To be the best has to incorporate a worthiness, which is why the International Cricket Council should resurrect plans for a World Test Championship. Rather than mothball it simply because TV broadcasters find it an awkward sell to their advertisers, they should instead shift boulders to find a definitive solution for judging who is the best Test team in world cricket and not just the one capable of reaching the peak by exploiting the oxygen of home advantage.
At the moment it is decided by a series of bilateral tours whose results are rated then fed into a rankings table, of which India currently sits atop with 112 ranking points, though that could change within the week. Pakistan are second on 111 with Australia and England third and fourth on 108.
It looks tight, but are those teams worthy of their positions? A week ago, Australia were top but lost 3-0 away to seventh-ranked Sri Lanka, while India, who have usurped them, have not won a series in England, Australia or South Africa for nine years. The best should surely not have such gaping holes in their CVs?
TV rules the roost when it comes to most sports, but Test cricket is at one of those junctures where what happens next could have major consequences for its immediate future. So far, the ICC’s plan is to overhaul the red-ball game with the introduction of two divisions with a meeting in September to talk matters through and stress test the system. Yet you only have to look at current rankings versus recent results – in particular Australia’s hammering by Sri Lanka (a ranking that under the newly proposed system would have them on the cusp of division two), to see that it will not be as simple as all that.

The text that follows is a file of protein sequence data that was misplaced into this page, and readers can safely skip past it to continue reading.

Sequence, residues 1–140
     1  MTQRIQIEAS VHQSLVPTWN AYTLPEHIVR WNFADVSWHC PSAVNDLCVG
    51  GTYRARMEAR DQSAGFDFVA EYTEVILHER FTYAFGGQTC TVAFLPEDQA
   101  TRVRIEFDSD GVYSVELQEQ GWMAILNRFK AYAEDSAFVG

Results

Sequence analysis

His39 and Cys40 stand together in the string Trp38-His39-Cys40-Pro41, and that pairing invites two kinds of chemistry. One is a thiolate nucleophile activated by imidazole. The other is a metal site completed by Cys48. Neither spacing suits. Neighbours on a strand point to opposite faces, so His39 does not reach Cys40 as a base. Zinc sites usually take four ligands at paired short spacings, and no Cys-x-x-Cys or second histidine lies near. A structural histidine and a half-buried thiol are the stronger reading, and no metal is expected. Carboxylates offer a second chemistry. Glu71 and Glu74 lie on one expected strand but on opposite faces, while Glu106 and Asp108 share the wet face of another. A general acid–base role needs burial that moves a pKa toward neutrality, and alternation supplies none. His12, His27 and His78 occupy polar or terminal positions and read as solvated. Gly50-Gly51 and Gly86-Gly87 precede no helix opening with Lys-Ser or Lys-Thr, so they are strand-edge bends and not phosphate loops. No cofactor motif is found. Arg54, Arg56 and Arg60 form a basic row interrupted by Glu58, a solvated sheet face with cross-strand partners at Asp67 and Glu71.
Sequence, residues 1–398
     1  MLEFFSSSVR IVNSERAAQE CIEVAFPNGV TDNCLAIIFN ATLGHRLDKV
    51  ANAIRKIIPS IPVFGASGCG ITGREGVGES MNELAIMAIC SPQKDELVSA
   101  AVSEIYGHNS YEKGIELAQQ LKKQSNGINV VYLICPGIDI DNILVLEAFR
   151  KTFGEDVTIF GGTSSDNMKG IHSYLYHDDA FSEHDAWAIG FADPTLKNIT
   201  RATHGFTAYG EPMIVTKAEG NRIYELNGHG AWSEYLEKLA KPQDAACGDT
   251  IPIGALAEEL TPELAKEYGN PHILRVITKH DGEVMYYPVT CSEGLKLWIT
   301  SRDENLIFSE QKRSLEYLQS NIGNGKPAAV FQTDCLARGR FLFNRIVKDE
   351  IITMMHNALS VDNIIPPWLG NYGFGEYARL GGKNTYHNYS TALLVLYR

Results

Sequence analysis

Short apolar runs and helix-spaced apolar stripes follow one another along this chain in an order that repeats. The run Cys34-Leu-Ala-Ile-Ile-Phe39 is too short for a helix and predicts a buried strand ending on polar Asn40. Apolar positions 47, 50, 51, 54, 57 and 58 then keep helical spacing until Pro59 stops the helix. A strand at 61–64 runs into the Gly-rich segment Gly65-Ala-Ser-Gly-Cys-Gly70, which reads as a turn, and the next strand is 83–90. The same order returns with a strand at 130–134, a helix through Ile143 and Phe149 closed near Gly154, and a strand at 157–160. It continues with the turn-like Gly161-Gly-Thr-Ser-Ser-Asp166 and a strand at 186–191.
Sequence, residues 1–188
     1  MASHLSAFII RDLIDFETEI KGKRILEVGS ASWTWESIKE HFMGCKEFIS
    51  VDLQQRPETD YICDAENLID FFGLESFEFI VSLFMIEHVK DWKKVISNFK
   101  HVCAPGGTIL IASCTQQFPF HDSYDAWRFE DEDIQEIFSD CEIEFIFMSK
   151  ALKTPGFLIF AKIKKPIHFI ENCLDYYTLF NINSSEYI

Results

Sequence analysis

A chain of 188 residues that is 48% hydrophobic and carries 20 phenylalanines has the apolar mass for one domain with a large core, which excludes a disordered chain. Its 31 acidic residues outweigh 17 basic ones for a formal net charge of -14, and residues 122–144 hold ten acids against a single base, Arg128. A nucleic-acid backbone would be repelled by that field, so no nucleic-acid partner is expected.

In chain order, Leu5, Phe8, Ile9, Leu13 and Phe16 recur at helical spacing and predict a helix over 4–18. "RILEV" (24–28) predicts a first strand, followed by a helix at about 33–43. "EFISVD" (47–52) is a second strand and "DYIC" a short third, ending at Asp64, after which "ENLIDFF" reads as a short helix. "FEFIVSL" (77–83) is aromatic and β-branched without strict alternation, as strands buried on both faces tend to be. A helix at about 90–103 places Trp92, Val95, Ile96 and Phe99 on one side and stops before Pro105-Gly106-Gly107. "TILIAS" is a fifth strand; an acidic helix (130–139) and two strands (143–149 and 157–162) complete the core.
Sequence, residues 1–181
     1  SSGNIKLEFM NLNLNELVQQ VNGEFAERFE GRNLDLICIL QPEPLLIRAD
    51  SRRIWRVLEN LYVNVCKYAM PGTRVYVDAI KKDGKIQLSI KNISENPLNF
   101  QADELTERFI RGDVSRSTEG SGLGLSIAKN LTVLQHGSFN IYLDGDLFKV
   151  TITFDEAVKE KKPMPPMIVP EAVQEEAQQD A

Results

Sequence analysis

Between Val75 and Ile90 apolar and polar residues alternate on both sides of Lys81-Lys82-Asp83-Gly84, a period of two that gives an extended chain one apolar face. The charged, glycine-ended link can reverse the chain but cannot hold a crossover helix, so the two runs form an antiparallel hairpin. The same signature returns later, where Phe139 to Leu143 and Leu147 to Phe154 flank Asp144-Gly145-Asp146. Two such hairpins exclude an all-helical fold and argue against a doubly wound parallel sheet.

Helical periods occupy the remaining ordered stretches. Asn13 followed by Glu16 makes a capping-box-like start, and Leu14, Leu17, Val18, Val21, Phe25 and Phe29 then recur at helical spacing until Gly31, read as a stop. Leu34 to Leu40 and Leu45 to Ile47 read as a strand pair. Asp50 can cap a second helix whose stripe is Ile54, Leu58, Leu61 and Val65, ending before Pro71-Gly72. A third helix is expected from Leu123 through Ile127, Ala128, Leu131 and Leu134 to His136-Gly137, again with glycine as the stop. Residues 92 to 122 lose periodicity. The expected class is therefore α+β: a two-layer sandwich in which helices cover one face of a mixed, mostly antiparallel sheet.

The rankings, worked out by an algorithm itself the product of the mind of an actuary, have started to look, if not flawed, then unsatisfactory. Last week, before England lost to Pakistan at the Oval, they, and their opponents, could both have ousted Australia as the No. 1 team in the world, should results have gone their way.